Supporting Greig Leach’s Kickstarter campaign to bring his beautiful drawings together in a book was a no-brainer. I’d seen some of his drawings in the news. We were both following the entire tour. I like how he captured pivotal moments of each day in line drawings with watercolor in his Book du Tour. I received my copy about 2 weeks ago and I have been going through it slowly. It brings back so many great memories.
It is also time to sign up for cycling tours at the 2015 Tour de France. I can personally recommend either Trek Travel or Thomson Bike Tours.
If you are interested in a spectator tour, then Thomson is the only one offering these. The brilliant Jacinta McHale is returning to lead them.
And on a completely silly note, those of us who traveled with Jacinta in 2014 were thrilled to see Enriique Iglesias’ song Bailando won the Song of the Year at the Latin Grammys.
I am setting ambitious deadlines to write a Tour de France guide for spectators and amateur cyclists for release this fall. Jane Friedman’s class “How to Write a Powerful Book Proposal Workshop” has really helped me focus. So I will not be traveling as much and writing more. Instead of taking a hiatus, look for posts on Norway from a trip my son and I took together just before I began this blog.
In the meantime I will tweet progress reports on the Tour de France guide. My goal is to be high-fiving you all with a finished book by the time the Tour de France 2015 route is announced.
Jens Voigt high-fiving fans at the end of Tour de France 2014 in Paris.
Traveling alone is a choice that I make regularly. Sometimes people tell me, “I could never do it.” When I ask why it is sometimes because they cannot bear the thought of dining alone. Experience has taught me that sometimes the best encounters with the place and its people happen because I am seated alone and so I am more accessible and open. And the food tastes the same.
Recently my friend Ray shared with me how he uses opportunities to eat alone as a date with himself. While in France and England I had the chance to enjoy dates with myself on several occasions and it does change the atmosphere in a very positive way. Or travel with a group for a long period and suddenly dining alone, eating just what you want, taking only the amount of time you want to take, leaving before or after dessert and coffee. It is divine.
On the last page of the September 2014 issue of Bon Appetit, actor Jason Segal shares his “Rules for eating out alone:
1. Bring a book. When you have a book You aren’t really alone. It’s more alone adjacent.
2. Don’t be bashful. The other people alone probably feel the same way you do. You’re all “alone together.”
3. Think of it as a date with yourself. Get to know yourself. If you get along with yourself, there is a very good chance you will get to go home with yourself.”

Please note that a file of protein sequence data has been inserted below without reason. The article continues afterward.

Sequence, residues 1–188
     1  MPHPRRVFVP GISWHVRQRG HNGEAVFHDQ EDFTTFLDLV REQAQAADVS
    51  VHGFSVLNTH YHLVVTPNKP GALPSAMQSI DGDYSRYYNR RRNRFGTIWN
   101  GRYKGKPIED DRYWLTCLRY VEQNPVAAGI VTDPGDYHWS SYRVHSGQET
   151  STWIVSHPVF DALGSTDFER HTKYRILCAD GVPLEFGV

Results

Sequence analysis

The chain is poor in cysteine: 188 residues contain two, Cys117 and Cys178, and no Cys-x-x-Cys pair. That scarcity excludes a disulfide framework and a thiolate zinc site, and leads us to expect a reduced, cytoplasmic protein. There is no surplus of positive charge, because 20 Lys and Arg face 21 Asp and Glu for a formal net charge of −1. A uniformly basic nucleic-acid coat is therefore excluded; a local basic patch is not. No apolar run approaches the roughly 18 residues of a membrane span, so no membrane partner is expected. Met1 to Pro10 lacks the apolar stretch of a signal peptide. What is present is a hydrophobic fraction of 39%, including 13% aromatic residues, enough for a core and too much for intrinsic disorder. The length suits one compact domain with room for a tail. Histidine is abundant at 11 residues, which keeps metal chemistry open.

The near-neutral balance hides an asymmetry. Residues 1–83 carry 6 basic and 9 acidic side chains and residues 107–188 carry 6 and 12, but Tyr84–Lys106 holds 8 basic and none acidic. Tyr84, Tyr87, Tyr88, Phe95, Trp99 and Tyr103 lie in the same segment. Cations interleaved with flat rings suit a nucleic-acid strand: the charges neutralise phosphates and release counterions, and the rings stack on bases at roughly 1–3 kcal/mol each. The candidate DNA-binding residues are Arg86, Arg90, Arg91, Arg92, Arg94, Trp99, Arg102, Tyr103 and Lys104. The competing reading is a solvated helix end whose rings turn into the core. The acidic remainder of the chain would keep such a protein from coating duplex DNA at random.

The Eurostar train between London and Paris or Lille is a super cool way to get across the English Channel. The train passes through the channel tunnel or “chunnel” much more quickly than going through the airport or taking the ferry. Compared to SNCF (the French railway), it is amazing.
I was scheduled to catch the 8 a.m. train from St Pancras Train Station in London the morning after Stage 3. I was out late the night before so I did not rise in time to check my email. I missed the email from Eurostar telling me that due to mechanical difficulties and repairs in the tunnel, I needed to reschedule to a later train. A ticket concierge helped me reschedule and I had a couple of hours to get a bite to eat and get through security.
The St Pancras station’s (across the road from Kings Cross Train Station) Eurostar loading area is fairly small and probably due to the maintenance issues was very crowded. Once we loaded onto the train it was a very comfortable 2.5 hour ride to Lille. I did not even feel the pressure in my ears when we entered the tunnel. The only way I could tell I was under the English Channel was the dark windows.
Later I received an email offering me a partial discount for the inconvenience. On SNCF I encountered crabby ticket sales people, nonexistent train conductors, closed cafe cars (for the duration of a 4+ hour train trip), and overcrowded passenger cars. I tried first class and second class. The only difference was the color of the seats and plugs for recharging phones.
My chunnel experience from Paris to London was excellent. I already blogged about my misadventure getting to Gare du Nord. Once I got to the station and found the Eurostar entrance I received excellent service. The ticket concierge helped me change my ticket to the next train without a penalty. This time security and waiting was easier. It seemed like we were in London in very little time.
I will definitely use the chunnel again if the opportunity presents itself and recommend it to fellow travelers.